A genius dog and his mischievous human son go on a time-traveling adventure? Who WOULDN’T want to see that!? ‘Mr. Peabody & Sherman’ is like nothing that’s hit theaters before — now find out what the critics thought about it.
Sometimes animated movies take themselves too seriously and forget that they’re allowed to bend the rules of reality to enhance the entertainment value. That is one criticism that cannot be levied against Mr. Peabody & Sherman (in theaters Mar. 7), a movie about a brilliant talking dog and his adopted human son going through the annals of history with the help of homemade time travel machine. But does the movie meet the high expectations set by its immensely fun premise?
‘Mr. Peabody & Sherman’ Reviews
Mr. Peabody & Sherman, about a supersmart dog and his adopted human son, breaks the curse and respects the nutty, nerdy humor of the original. This DreamWorks Animation production, directed by Rob Minkoff (Stuart Little, The Lion King) from a screenplay by Craig Wright, is not perfect, but it is fast-moving, intermittently witty and pretty good fun.
Rarely do I feel inclined to say this, but the film may actually be too smart for its own good. Many of Mr. Peabody’s “teaching moments” will sail right over the heads of kids while requiring adults to pay attention. Sherman’s frequent reaction —”Huh? I don’t get it” — will likely be echoed by many youngsters in the audience.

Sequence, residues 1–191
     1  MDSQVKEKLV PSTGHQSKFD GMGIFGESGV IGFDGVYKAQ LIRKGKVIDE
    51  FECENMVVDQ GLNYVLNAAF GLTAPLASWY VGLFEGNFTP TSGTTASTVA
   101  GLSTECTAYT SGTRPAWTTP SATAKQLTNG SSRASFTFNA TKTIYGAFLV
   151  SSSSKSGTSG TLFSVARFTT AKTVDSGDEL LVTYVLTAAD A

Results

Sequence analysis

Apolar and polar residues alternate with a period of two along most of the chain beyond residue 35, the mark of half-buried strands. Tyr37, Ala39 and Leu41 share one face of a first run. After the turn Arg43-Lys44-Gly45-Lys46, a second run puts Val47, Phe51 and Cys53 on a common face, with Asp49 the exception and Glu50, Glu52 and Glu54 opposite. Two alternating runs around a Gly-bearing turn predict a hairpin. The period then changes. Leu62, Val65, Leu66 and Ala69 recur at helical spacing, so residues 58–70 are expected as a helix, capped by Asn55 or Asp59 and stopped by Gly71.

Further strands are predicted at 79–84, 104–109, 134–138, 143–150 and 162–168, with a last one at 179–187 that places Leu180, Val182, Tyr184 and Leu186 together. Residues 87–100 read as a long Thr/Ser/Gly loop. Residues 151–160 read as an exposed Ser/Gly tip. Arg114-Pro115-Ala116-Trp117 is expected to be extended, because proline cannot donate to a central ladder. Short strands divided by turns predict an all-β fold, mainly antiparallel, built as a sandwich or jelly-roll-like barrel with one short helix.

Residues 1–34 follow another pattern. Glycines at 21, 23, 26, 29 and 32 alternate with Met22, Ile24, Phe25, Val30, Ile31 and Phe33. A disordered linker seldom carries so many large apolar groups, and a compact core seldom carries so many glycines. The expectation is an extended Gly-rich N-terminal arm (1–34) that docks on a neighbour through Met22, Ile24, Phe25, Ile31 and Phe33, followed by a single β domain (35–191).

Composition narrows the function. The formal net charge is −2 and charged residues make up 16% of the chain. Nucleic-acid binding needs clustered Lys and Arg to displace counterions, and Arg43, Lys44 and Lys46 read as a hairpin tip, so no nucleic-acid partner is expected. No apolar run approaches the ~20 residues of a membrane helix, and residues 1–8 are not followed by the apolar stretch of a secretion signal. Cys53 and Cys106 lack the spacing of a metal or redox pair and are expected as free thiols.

Against all odds, DreamWorks Animation has created a smart, funny and beautifully designed feature called Mr. Peabody and Sherman out of the “Rocky’’ segment “Peabody’s Improbable History,’’ in which a hyperintelligent beagle and his adopted human son travel through time and meet famous personages.
Mr. Peabody & Sherman gets much better when the pair go back to the basics: Traveling in time and offering a helping hand with history. Leonardo da Vinci, King Tut,Marie Antoinette and George Washington all make enjoyable cameos. Scenes in the bowels of a Trojan horse with King Agamemnon provide the most comic value.
Mr. Peabody & Sherman is slight, but it’s exceedingly charming, making good use of a talented voice cast that includes Stephen Colbert, Leslie Mann, Mel Brooks as Freud, and Stanley Tucci as Leonardo Da Vinci.
History and humor? AND talking dogs? Sign us up for this one. What do you think, HollywoodLifers, will you see it? Let us know!
— Andrew Gruttadaro